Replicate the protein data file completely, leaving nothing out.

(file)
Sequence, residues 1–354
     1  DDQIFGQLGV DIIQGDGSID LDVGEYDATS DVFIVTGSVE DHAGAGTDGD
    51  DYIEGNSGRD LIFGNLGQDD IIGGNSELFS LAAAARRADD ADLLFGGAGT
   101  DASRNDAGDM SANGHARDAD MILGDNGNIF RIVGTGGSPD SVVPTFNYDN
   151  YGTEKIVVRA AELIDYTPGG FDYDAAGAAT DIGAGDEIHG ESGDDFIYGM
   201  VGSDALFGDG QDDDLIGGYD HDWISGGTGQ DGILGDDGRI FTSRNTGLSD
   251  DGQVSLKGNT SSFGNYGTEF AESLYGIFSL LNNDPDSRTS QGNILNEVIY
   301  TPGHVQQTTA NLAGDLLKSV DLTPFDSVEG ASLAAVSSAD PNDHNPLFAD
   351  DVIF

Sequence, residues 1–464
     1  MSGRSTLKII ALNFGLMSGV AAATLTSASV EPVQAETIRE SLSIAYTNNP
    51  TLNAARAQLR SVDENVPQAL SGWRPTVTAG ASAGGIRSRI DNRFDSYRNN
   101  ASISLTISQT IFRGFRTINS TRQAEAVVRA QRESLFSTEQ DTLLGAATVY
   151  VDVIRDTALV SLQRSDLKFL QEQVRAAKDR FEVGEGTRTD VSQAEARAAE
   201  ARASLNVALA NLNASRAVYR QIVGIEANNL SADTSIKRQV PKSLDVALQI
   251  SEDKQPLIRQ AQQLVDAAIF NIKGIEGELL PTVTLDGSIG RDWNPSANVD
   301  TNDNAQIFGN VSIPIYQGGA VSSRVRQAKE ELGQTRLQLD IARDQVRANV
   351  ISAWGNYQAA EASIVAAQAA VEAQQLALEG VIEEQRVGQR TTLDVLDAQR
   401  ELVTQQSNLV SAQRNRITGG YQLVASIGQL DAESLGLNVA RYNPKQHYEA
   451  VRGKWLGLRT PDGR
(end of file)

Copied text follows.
Sequence, residues 1–354
     1  DDQIFGQLGV DIIQGDGSID LDVGEYDATS DVFIVTGSVE DHAGAGTDGD
    51  DYIEGNSGRD LIFGNLGQDD IIGGNSELFS LAAAARRADD ADLLFGGAGT
   101  DASRNDAGDM SANGHARDAD MILGDNGNIF RIVGTGGSPD SVVPTFNYDN
   151  YGTEKIVVRA AELIDYTPGG FDYDAAGAAT DIGAGDEIHG ESGDDFIYGM
   201  VGSDALFGDG QDDDLIGGYD HDWISGGTGQ DGILGDDGRI FTSRNTGLSD
   251  DGQVSLKGNT SSFGNYGTEF AESLYGIFSL LNNDPDSRTS QGNILNEVIY
   301  TPGHVQQTTA NLAGDLLKSV DLTPFDSVEG ASLAAVSSAD PNDHNPLFAD
   351  DVIF

Sequence, residues 1–464
     1  MSGRSTLKII ALNFGLMSGV AAATLTSASV EPVQAETIRE SLSIAYTNNP
    51  TLNAARAQLR SVDENVPQAL SGWRPTVTAG ASAGGIRSRI DNRFDSYRNN
   101  ASISLTISQT IFRGFRTINS TRQAEAVVRA QRESLFSTEQ DTLLGAATVY
   151  VDVIRDTALV SLQRSDLKFL QEQVRAAKDR FEVGEGTRTD VSQAEARAAE
   201  ARASLNVALA NLNASRAVYR QIVGIEANNL SADTSIKRQV PKSLDVALQI
   251  SEDKQPLIRQ AQQLVDAAIF NIKGIEGELL PTVTLDGSIG RDWNPSANVD
   301  TNDNAQIFGN VSIPIYQGGA VSSRVRQAKE ELGQTRLQLD IARDQVRANV
   351  ISAWGNYQAA EASIVAAQAA VEAQQLALEG VIEEQRVGQR TTLDVLDAQR
   401  ELVTQQSNLV SAQRNRITGG YQLVASIGQL DAESLGLNVA RYNPKQHYEA
   451  VRGKWLGLRT PDGR